Tuesday, November 13, 2007

A human swarm

Americans spend a 3.7 billion hours a year in congested traffic. But you will never see ants stuck in gridlock...The reason may be that the ants have had a lot more time to adapt to living in big groups. “We haven’t evolved in the societies we currently live in,” Dr. Couzin said.
From Ants to People, an Instinct to Swarm - New York Times, Carl Zimmer, Novmber 13, 2007

I often wonder what degree of individualism is desirable if Western society- or indeed human society - is to thrive in the coming century. The Geography of Thought - How Westerners and Asians Think Differently - one of the most interesting of recent salvos in the nature nurture war - posits fundamental differences in decision making processes in Asian and Western societies. Westerners tend to make decisions based on isolated facts and set logical rules whereas Asians put much greater importance in looking at facts within a larger social context. When looking at a picture an Asian will take in the entire scene whereas a Western eye will search out and remember the most prominent objects within the frame.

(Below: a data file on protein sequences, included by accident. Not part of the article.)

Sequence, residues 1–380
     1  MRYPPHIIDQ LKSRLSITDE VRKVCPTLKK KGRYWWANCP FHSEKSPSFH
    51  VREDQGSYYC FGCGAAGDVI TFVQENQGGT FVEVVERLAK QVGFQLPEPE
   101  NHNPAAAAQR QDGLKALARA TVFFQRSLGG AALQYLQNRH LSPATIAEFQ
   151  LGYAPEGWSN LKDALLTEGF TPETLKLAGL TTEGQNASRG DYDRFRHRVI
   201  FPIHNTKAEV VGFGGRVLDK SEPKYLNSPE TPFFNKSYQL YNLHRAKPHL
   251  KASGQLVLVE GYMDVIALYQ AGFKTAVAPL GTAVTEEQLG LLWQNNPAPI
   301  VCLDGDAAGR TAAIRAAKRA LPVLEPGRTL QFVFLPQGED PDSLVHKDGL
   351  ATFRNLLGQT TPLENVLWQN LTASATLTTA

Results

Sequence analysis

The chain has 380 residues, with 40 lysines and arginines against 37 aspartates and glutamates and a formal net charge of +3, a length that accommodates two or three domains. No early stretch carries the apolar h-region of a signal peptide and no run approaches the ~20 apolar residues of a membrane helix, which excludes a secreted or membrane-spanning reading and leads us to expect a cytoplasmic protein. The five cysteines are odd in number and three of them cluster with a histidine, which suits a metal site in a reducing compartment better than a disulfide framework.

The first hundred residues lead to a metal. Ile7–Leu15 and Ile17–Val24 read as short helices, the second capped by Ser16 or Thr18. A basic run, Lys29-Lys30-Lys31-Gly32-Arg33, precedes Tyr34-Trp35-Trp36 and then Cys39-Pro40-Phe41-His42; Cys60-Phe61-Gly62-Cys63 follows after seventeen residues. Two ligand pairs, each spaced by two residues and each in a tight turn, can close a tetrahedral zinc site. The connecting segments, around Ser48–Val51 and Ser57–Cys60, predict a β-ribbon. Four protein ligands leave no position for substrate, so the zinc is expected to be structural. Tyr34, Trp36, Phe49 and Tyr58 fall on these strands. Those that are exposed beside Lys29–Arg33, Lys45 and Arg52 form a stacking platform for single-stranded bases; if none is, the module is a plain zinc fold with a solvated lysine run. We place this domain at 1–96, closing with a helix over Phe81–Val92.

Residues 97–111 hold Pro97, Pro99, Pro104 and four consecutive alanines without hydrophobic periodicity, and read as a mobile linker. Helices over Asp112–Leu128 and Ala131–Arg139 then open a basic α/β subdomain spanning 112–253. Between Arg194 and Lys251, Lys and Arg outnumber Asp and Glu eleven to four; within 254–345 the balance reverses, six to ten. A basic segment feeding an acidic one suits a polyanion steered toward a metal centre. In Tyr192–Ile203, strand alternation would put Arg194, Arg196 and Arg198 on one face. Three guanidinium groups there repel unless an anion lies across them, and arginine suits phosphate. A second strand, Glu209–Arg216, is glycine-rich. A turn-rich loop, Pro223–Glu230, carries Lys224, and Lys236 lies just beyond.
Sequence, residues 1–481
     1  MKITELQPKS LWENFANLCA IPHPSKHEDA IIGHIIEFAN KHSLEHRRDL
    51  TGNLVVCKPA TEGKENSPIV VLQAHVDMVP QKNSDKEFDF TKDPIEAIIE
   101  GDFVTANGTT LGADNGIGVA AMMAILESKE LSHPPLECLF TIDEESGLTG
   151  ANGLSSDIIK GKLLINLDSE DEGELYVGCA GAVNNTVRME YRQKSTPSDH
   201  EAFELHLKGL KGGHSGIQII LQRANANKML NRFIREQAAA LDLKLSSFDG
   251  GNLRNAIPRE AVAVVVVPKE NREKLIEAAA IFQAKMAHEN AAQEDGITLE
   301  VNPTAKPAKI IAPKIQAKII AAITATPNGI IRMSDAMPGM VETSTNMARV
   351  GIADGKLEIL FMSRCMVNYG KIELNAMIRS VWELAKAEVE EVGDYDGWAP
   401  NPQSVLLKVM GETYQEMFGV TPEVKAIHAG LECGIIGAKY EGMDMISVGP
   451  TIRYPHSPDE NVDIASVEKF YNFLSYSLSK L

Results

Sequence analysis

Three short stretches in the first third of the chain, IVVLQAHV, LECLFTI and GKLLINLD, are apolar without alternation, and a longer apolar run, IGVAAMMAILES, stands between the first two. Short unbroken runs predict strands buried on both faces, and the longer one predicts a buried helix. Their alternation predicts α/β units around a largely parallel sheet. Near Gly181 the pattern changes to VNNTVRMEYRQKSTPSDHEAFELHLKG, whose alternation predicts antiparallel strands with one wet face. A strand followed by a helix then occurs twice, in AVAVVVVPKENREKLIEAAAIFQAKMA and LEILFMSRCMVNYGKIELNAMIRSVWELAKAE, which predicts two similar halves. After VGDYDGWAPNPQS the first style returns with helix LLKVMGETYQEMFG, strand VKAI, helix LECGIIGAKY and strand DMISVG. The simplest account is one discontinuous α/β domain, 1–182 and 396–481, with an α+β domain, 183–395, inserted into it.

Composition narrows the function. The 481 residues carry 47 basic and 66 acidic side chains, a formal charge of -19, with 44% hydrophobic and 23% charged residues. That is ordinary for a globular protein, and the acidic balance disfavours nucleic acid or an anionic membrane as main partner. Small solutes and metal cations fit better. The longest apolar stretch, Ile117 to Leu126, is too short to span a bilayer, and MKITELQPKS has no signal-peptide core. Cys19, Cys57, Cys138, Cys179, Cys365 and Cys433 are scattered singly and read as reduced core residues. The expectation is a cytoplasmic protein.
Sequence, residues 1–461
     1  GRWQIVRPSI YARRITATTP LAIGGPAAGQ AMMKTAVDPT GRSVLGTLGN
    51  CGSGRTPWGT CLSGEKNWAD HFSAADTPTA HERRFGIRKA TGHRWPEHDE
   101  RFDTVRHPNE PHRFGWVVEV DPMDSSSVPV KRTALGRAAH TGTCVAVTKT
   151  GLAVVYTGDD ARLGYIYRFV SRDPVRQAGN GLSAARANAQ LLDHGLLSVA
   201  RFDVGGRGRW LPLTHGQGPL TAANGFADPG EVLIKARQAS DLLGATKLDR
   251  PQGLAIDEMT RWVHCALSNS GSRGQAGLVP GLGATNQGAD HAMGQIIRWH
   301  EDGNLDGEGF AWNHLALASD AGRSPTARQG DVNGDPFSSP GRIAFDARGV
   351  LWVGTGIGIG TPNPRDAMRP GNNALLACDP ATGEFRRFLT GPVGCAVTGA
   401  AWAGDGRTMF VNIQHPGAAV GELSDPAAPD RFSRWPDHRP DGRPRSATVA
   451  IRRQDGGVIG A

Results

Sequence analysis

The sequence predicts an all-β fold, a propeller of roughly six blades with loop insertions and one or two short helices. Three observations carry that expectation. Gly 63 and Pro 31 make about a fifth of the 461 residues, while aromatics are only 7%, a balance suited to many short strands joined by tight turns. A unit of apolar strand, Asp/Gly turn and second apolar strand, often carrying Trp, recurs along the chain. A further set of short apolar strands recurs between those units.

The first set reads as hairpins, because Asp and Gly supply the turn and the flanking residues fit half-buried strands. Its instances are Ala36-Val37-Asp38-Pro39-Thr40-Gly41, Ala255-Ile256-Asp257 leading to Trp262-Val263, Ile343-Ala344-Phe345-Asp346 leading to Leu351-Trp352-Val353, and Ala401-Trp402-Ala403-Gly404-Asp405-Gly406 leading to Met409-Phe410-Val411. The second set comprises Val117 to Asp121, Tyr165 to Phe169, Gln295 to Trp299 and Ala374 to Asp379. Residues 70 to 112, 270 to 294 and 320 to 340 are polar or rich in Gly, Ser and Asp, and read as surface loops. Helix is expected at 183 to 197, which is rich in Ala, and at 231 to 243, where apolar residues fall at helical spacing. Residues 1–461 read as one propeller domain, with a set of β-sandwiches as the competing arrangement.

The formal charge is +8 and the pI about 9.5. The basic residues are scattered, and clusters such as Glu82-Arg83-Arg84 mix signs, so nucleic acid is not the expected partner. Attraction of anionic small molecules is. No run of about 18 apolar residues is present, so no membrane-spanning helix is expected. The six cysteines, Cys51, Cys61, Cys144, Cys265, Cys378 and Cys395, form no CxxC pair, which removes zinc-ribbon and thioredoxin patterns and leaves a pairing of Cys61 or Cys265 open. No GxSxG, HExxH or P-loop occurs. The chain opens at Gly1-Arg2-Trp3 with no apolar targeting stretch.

In a century where world culture will become profoundly more urban and spiraling consumption threatens us with all manner of global catastrophe, will East Asia, with its emphasis on social harmony and context-based decision making, introduce a global value system as vital and controversial to the 21 st century as market capitalism was to the 20th? It could well be that Western economics and technology has built the cities that East Asia will someday show the world how to live in.

But I am not so sure.

What stands out to visitors of East Asian cities is a the lack overall order and planning. Some of this is what makes many of these cities charming - the walkways swarming with street food vendors, the outdoor markets that seem to cropup in even the smallest civic crevices - but the convoluted clogged roadways literally overflowing onto the sidewalks with two-stroke engined motorcycles belching blue smoke into the air; the massive fetid dwellings that seem to be placed in a fashion too indiscriminately to have been built by any conscious human mind - all of this seems not to jive well with the Asian society as a beacon for consensus based solutions to a growing world's ills.

While the family and the village are units that an individual can conceptualize - understanding his place within and seeking to maintain social harmony by assessing context rather then abstract logical constructs - a city is too complex for any individual to ever truly grasp his place or how his limited actions can effect the larger organism. It is when society becomes large and dense enough for the social context to be unknowable that abstract principles and laws become important. And for now the West has the edge on just this type of thinking.

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